After almost an entire week of not being able to backup to Crashplan because of “archive maintenance” on their part, I was informed today that instead of merely maintaining my backup archive, Crashplan LOST THE ENTIRE THING. That’s right, Crashplan lost all of my data, unrecoverably. It’s gone – my entire online backup archive of all of my data – my life’s work – 2.4 tb of everything – completely gone. And Crashplan doesn’t seem to have any remorse. I’ve been using online backup for a number of years. Before I switched to Crashplan, I was using Backblaze for online backup. Backblaze was great – a lightweight, easy to use front end, fast backup speed, low system resources, good support response times, and most importantly, a reliable service. However, the one thing Backblaze didn’t do at the time was offer unlimited, or very long retention. Backblaze would delete data from my archive if it didn’t see that data connected to my computer for a month – so if I went on vacation for 2 months and stored away my external hard drives, my data would be automatically expunged at the end of the first month. Because of this little quirk of their service, I decided to switch backup providers to Crashplan. Note that nowadays, I believe that Backblaze retains data for 3-6 months, which is much much better.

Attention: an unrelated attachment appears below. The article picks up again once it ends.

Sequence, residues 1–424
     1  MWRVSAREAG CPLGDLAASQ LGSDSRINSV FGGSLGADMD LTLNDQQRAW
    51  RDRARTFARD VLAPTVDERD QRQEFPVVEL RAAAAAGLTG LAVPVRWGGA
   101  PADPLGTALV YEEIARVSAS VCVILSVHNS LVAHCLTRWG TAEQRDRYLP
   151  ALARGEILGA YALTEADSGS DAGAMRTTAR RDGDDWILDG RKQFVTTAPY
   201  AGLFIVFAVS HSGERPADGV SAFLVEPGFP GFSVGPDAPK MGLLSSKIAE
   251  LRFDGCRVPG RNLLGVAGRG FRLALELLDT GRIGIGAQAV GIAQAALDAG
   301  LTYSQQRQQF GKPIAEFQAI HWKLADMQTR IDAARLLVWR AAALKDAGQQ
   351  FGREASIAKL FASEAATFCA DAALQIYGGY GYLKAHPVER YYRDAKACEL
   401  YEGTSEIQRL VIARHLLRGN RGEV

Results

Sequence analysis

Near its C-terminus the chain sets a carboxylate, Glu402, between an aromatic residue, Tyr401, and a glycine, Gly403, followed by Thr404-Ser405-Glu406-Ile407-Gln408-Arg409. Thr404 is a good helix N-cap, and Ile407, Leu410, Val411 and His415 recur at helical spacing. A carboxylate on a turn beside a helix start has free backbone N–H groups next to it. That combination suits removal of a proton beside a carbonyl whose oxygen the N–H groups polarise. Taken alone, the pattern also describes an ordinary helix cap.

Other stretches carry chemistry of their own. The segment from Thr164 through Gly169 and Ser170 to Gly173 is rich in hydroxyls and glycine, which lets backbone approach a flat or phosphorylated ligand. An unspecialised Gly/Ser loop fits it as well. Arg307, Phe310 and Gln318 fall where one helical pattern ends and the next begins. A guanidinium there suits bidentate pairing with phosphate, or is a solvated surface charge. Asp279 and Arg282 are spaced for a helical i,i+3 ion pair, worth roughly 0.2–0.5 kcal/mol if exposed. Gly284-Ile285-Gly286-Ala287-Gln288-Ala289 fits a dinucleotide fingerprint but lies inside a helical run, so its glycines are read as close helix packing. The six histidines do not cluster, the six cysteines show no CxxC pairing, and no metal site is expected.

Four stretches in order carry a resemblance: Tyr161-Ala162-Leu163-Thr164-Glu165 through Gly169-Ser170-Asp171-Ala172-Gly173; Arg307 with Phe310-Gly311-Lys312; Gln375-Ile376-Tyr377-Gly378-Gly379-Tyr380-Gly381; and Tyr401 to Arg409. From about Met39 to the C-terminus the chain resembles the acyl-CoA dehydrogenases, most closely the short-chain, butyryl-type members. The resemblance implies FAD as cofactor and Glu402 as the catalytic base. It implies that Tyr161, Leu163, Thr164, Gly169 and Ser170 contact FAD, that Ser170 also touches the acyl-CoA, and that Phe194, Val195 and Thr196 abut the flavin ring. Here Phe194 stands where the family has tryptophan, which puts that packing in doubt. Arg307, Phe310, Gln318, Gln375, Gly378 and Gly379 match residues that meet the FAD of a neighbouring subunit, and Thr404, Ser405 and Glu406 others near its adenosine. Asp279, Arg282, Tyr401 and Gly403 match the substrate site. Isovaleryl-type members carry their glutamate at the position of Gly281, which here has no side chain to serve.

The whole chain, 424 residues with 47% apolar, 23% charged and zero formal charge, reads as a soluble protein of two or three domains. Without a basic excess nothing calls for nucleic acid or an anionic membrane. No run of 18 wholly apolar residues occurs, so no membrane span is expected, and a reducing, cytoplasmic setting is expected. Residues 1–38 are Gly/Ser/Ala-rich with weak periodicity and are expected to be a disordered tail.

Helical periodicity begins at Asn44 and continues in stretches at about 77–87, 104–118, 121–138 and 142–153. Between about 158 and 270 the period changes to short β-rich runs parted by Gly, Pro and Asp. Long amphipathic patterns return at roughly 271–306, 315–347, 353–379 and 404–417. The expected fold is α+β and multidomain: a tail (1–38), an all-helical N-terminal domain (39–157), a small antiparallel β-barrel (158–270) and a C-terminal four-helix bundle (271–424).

** Hello! If you’re finding this page in your research of Crashplan Vs Backblaze, or Crashplan Vs Mozy, or any other services, please be sure to read my ongoing saga with Crashplan losing my entire backup archive. Cheers! ** CrashPlan’s recent release of an iOS app solidifies my switch from Backblaze to Crashplan. Now, I can access all of my CrashPlan backed up files on my iPhone, making the service even more valuable. At this point, I’m still running both Backblaze and Crashplan, but as soon as I use CrashPlan’s seeding service and get all my files transferred to CrashPlan’s servers, I’m ditching Backblaze. Some thoughts on CrashPlan Vs. Backblaze: Backblaze runs as a native osX app, and CrashPlan runs as a Java app – naturally i’d prefer a native app, but in using CrashPlan, I see no difference in performance. Backblaze is still better integrated into the system UI with the System Preferences and Menubar integration, but that’s not a dealbreaker for me. Crashplan not only allows me to backup to their cloud service, but also to external hard drives, folders, and other friends computer. This functionality is great, and even allows them to provide a cloud storage seeding service, by way of the local hard drive backup feature, and efficient data de-duplication and cataloging systems. CrashPlan offers me many more customization options – I can have it throttle down its bandwidth and CPU usage when I’m using the computer, and then throttle up when I step away. I can also set priorities and schedules. The KILLER CrashPlan feature for me is unlimited data retention. If I backup an entire hard drive to CrashPlan, and then unplug it, the data will stay on CrashPlan’s servers indefinitely, provided I have it set to never erase data, and keep paid up on my account (which is inexpensive). This was the absolute most critical feature for me. No longer do I have to worry about going on the road with my laptop for months on end, and having the data backed up from my now unplugged external hard drives expunged from the backup service when the data presence timer times out after a month – which I believe happens with Backblaze. CrashPlan is inexpensive – I paid for 4 years at a time, which makes it less than $3/month. Plus, if I cancel before those 4 years, they’ll give me a pro-rated refund. What more could I ask for? All Your Files, In Your Pocket – CrashPlan Mobile Apps | The Code 42 CrashPlan Blog.